The sad thing is that the legal market is not expected to improve. While the economy is getting better in general, the legal market is getting weaker because many law firms and corporations are finding more efficient ways of outsourcing legal work or giving what was once legal work to non-lawyers who are paid a lot less.
In short, you should only go to law school if UNC is offering you a substantial – more than 2/3rds discount – on the tuition, and if you have money to pay for the rest. In other words, if you plan to take out any amount of loans, you need to realize that they are not dischargeable. You must pay them back. And it is unlikely that you will get a job out of UNC that will justify paying them back.
That said, UNC is a good enough law school so that if you can pay for it out of pocket, then you should go. But only if you really want to be a lawyer.
UNC Law School employment stats show that just 26 graduates of the 2011 class (total # grads 247) got jobs in private law firms of 250 or more. These are the firms that pay ~$140,000 that can service the debt accrued getting a degree at UNC which is likely to be at least $100,000 in non-dischargeable educational debt. JUST 21 – twenty-one – earned more than $110,000, after having dropped $75,000 (in-state) in tuition, plus $60,000 (living expenses) for a conservative total of $135,000 over three years. Meanwhile, UNC Law School pays its average full professor $175,000 to teach an average course load of 2 to 3 courses semester during a nine month academic year. Incidentially, UNC’s 16 female profs (of all types) earned an average salary $14,000 less than male counterparts.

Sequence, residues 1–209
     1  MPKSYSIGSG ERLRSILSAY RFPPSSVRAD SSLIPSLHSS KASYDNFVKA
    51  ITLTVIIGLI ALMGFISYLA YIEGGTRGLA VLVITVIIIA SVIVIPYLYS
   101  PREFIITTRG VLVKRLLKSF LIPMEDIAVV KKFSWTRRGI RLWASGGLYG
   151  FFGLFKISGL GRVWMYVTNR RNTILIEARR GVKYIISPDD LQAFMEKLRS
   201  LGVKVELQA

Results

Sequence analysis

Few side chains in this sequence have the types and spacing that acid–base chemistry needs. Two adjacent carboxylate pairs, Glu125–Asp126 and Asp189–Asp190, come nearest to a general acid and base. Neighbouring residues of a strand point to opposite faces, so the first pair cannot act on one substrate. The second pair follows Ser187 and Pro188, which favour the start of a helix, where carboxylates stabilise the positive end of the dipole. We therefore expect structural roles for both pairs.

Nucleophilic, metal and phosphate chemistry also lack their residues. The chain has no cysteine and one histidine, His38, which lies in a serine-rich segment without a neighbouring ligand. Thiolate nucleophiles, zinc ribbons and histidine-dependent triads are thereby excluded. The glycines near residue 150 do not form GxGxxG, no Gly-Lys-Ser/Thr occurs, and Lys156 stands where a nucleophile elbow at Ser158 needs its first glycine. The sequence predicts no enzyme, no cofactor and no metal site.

UNC’s personnel budget is bloated. Cut salaries, particularly at the top – professors, associate professors, and even some assistant professors. Trim the number of faculty positions. This would reduce the budget.
UNC can hire more adjuncts and clinical professors, who cost much less. These clinical professors often have more real-world experience, in any case, and are better at explaining actually how to be a lawyer.